Reporter Tachel Dubrovin tells us about the Latah County Buzzkill Campaign.
The Latah County Youth Advocacy Council is made up of local high schoolers that chose to steer clear of drugs and alcohol.
"Alcohol can have a lot of negative effects on the developing brain," said Moscow High School Junior Erin Ingram.
"It's just unhealthy," said Potlatch High School Junior Savannah LeForce. "It ruins a lot of people's lives."
On Wednesday, a few of the local ambassadors met at a Stinker Store in Moscow to launch the Latah County Buzzkill Campaign.
"It's a campaign and a message that's really important to me," said Moscow High School Junior Luke Miller.
Stinker Store Retail Territory Manager Doug Smith said underage kids attempting to buy alcohol themselves isn't a huge concern.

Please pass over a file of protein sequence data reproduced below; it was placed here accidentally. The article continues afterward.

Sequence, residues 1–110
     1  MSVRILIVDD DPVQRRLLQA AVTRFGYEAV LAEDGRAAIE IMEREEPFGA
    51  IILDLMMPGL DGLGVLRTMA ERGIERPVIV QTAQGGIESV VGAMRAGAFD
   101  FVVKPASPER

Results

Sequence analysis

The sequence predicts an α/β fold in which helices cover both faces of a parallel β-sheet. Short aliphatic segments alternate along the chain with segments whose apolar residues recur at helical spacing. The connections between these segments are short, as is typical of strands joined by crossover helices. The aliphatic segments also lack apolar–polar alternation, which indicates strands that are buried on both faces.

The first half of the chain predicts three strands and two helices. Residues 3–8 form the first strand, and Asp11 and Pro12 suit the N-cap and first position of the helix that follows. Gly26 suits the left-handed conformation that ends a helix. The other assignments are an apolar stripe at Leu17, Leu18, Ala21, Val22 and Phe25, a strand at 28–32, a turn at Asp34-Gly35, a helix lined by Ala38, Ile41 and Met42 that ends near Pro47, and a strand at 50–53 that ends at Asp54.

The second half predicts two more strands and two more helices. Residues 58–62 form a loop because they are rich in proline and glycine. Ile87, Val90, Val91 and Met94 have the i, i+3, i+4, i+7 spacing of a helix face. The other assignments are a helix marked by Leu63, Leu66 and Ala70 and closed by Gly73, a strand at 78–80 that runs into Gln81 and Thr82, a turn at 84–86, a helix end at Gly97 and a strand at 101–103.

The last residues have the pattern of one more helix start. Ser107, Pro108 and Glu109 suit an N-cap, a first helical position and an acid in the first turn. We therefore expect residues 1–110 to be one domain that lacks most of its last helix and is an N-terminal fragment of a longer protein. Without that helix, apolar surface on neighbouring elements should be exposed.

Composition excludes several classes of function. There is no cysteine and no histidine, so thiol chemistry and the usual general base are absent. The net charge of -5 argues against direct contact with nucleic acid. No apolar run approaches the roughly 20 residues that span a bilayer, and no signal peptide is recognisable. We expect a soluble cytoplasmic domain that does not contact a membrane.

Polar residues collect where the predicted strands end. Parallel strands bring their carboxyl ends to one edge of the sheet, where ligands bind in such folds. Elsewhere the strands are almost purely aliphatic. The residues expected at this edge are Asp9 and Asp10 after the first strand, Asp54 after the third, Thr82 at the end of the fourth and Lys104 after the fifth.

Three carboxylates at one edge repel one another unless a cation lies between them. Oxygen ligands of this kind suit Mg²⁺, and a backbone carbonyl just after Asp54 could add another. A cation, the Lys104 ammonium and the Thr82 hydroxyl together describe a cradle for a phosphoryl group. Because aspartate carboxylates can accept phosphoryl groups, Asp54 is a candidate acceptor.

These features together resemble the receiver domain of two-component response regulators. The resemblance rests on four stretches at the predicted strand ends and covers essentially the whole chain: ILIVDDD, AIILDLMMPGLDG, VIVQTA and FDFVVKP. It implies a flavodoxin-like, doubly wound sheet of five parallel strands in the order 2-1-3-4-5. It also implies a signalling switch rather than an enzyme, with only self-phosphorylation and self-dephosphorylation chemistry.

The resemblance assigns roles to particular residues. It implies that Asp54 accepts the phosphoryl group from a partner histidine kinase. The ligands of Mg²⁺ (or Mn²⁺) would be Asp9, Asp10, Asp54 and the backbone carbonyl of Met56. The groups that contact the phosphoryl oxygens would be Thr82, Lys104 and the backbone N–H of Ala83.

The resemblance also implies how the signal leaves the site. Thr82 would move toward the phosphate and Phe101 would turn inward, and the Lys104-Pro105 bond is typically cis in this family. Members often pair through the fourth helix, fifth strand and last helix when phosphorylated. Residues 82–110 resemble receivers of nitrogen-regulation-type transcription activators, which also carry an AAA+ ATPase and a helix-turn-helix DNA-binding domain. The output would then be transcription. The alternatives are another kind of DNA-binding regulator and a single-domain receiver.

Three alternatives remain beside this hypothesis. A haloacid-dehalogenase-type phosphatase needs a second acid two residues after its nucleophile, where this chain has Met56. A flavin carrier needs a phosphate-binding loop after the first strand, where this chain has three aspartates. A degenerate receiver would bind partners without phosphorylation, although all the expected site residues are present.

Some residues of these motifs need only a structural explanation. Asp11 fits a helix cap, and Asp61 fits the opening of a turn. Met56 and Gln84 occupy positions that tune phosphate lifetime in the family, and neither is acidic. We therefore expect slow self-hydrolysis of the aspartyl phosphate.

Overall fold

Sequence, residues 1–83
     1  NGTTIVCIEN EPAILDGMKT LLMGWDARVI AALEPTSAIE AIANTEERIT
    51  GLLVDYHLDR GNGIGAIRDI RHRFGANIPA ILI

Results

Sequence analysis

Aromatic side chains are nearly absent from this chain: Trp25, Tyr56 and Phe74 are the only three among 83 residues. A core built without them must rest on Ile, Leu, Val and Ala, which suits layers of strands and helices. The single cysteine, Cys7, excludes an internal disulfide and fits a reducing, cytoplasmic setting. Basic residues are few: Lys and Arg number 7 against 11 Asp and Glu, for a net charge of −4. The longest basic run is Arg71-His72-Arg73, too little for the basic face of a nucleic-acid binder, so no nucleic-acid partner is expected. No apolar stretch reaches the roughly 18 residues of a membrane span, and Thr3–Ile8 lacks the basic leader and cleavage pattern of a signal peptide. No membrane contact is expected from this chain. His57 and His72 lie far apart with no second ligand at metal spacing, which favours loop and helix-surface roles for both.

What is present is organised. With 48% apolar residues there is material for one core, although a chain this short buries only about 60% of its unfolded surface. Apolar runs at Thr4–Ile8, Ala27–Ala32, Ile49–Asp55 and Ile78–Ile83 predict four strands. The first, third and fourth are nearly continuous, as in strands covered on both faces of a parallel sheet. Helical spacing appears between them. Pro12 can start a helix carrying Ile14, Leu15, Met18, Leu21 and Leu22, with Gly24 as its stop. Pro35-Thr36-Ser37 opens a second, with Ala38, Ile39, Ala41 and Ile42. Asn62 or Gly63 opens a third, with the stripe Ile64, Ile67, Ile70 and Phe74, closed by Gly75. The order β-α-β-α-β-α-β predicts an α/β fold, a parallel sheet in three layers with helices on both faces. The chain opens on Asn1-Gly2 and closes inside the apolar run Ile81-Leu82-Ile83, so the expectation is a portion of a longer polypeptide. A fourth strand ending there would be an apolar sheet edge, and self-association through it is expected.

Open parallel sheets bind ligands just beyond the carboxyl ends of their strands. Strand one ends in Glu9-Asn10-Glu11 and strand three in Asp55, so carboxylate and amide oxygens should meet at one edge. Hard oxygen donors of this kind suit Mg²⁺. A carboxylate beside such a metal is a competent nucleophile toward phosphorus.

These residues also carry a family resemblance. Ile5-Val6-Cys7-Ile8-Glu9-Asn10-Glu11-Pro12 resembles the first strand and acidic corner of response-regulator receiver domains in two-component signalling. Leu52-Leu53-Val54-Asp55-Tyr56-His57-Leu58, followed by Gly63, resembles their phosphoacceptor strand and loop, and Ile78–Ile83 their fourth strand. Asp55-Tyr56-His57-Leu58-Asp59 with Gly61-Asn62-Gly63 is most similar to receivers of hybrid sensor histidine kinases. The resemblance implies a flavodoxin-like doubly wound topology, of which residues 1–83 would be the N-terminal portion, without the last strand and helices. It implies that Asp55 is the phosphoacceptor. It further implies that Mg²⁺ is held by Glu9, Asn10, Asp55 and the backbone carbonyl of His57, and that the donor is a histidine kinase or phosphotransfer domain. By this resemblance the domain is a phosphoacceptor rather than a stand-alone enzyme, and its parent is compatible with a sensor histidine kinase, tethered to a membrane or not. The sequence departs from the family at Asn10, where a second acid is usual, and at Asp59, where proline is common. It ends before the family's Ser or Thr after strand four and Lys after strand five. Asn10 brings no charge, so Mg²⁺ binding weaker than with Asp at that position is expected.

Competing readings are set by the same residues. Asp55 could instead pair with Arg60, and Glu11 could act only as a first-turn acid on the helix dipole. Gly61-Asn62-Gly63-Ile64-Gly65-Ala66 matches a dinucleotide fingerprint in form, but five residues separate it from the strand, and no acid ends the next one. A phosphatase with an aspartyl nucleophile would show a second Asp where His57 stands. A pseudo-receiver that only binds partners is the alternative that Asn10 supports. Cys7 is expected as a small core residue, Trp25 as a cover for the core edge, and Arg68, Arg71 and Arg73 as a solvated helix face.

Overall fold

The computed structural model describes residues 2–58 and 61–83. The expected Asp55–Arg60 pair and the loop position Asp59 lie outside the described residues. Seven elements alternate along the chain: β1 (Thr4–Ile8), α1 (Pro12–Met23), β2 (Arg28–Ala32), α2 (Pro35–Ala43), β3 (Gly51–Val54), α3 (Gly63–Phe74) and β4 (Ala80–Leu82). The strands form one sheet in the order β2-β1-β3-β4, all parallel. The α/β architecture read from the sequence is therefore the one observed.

"It's becoming less of a problem because our industry has really stepped up," said Smith.
"It's more they get people who are legal, they go out and have them buy it for them and they bring it back," said LeForce.
That's exactly what the Buzzkill Campaign is trying to prevent. The students put these stickers on the windows of beer cases to remind customers that providing alcohol to minors is illegal.
"We feel that we're the first line of defense," said Smith.
Latah County Sheriff's Office Patrol Sergeant Douglas Anderson said providing to minors is a crime called procuring, and it could cost you.
"They can be charged with a first time misdemeanor, which is defined as up to a thousand dollar fine, or a year in jail if they're convicted," said Sergeant Anderson. "Second time would be a felony."
The stickers are small, but the message is clear Serve under 21 and the party's over.
"You can have fun without drugs and alcohol," said LeForce. "I mean, there's so many different things you can so and that's what we're about, that's what we try to do, give kids an alternative."
The Buzzkill Campaign will soon be visible in 68 Stinker Stores across Idaho, but the Moscow store off Highway-eight is the first to launch the program.